Author: Dr. John Abbass
CAN YOU FREE RANGE PIGEONS? AN INTRODUCTION
Pigeons are considered as one of the most intelligent and smart birds on this planet. They have keen eyes and unique perceptions. It is surprising to know that pigeons can fly over 90 miles per hour and have the ability to find their homes from thousands of miles away.
Pigeons have been kept as domestic birds for about thousands of years by humans. They are lovely and friendly birds and can be kept for aesthetic, satisfaction, and entertainment purposes.
All along with that, pigeons have also been proved well in controlling insects and dispersing seeds over larger surfaces of land.
There are many methods of the housing of pigeons; here we will mainly focus on free-ranging housing systems and their usefulness for pigeons on the basis of previous experience and scientific literature.
HOW TRADITIONALLY PIGEONS ARE REARED?
This must be clear that pigeons have the instinct to stay happy and calm when they are free. Actually, they are not cage birds and love to live free. But as pigeon owners show concerns to know about the issues and complications which arise due to free-range rearing of pigeons.
Conventionally, pigeons are raised in dovecote and allowed to fly free. Actually, this method of pigeon rearing is not encouraged anymore because this isn’t ethical to spoil other’s property as free-flying pigeons can throw droppings anywhere they want.
So, basically this is considered as a low maintenance method of keeping pigeons nowadays.
Other rearing approaches include cages and colony dovecotes. The two most common ways of raising Pigeons now are in cages, or in a larger Colony dovecote. Either one may also be referred to as a Pigeon Loft, or one of several other names. Breeders of sport and show birds are more likely to call it a Loft.
ARE CAGES GOOD FOR PIGEONS?
Cages allow you to carefully control breeding, and to carefully control feed. Usually, for meat Pigeons, this is less critical than with sport or show birds. Cages are still a good option for small spaces, and for selective breeding for overall improvement of the breed lines.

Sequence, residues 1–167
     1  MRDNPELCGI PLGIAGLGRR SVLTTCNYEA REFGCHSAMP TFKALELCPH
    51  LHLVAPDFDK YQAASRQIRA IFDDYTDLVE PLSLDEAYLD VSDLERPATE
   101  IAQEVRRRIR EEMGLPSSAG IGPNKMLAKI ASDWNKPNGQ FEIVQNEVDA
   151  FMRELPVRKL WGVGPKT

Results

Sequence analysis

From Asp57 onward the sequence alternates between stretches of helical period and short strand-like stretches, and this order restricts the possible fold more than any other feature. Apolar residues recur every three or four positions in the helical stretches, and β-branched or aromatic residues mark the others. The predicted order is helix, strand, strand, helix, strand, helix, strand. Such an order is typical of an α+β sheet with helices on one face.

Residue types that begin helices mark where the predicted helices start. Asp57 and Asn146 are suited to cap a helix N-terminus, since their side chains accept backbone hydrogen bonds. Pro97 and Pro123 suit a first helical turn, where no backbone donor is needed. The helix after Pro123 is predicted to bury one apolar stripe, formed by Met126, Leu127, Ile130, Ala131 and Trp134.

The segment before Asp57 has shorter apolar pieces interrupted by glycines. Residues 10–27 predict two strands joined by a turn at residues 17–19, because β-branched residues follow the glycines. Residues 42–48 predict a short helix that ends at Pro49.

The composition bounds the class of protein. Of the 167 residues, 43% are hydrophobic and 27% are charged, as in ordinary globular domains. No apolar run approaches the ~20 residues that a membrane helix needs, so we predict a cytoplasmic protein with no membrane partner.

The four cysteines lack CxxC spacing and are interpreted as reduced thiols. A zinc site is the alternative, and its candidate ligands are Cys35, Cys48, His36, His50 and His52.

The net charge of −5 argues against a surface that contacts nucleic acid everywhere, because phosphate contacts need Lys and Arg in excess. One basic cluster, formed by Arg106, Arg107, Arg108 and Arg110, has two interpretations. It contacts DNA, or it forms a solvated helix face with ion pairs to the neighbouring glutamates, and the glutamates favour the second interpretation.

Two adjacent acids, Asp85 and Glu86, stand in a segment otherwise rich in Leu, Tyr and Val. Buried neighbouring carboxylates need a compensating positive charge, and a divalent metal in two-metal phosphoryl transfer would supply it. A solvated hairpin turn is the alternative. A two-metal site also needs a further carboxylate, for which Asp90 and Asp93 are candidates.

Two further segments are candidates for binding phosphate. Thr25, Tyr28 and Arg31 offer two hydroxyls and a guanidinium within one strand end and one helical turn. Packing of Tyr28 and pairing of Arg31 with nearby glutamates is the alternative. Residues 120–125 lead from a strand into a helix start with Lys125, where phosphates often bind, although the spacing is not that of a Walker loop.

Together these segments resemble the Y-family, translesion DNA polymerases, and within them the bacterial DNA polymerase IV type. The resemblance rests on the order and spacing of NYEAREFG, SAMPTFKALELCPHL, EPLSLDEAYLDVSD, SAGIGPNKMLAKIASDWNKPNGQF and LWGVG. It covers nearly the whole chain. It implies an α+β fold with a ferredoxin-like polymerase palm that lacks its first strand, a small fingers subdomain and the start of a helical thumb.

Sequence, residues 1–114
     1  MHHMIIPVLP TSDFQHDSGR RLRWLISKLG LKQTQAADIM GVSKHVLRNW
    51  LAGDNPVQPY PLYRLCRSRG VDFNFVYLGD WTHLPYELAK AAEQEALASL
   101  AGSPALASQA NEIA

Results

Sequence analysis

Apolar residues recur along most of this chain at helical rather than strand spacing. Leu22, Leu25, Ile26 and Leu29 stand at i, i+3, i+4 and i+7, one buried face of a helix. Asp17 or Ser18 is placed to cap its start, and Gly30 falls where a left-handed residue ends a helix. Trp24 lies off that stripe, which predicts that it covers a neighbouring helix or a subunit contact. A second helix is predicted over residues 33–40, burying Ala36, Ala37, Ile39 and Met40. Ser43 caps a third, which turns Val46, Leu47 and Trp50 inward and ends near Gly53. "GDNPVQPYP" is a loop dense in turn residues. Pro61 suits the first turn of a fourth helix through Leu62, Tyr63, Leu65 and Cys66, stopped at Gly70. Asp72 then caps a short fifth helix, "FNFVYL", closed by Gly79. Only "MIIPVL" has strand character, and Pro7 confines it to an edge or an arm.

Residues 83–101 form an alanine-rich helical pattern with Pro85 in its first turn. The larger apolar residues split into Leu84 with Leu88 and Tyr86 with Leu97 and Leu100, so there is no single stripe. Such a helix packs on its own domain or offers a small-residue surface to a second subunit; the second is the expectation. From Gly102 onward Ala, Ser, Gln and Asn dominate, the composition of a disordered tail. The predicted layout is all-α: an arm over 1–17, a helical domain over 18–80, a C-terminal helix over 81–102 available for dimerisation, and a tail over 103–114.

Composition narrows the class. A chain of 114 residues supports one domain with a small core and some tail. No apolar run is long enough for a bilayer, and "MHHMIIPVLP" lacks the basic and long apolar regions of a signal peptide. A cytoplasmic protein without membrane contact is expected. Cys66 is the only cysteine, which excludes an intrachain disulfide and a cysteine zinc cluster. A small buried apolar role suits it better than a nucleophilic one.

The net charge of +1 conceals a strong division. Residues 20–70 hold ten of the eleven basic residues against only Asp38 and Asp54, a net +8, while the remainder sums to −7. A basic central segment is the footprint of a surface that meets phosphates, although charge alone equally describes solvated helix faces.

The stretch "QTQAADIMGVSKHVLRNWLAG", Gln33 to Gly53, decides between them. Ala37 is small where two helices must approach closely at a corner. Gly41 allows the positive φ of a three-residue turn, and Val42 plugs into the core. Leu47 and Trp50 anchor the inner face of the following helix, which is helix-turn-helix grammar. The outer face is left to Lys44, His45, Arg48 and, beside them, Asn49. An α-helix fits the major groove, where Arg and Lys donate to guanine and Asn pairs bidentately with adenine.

The disadvantage of cages is that the birds do not have room to fly. While they can be raised well without flying, they are generally happier and healthier if they can.
Cages are often used for Commercial meat birds for the reason that it is simply easier to automate and track some things in a cage environment without having to read leg bands.
WHAT IS COLONY DOVECOTE?
A colony dovecote or loft is possibly the most popular way of raising Pigeons for meat production on a farm. Dovecotes range from small ones holding just a few pairs, up to those that hold hundreds of pairs.
It is often stated that more than about 30 pairs are not as manageable, so most small farm facilities have 30 or fewer pairs.
Colony rearing is simply less costly, and daily management is a little less tedious. Productivity can be tracked on banded birds.
The third way that works as a nice compromise between cages and Colony rearing is to combine the two.
You can do this any number of ways, but it usually involves either using a Colony with a few individual cages for selective breeding and isolating birds when needed for other purposes, or using cages that are connected to a common flight pen, so that nesting and night accommodations are separated, but daytime flight areas are shared.
Either of these options allows you to use the advantages of cages, with the advantages of colony rearing, while minimizing the negatives for each option.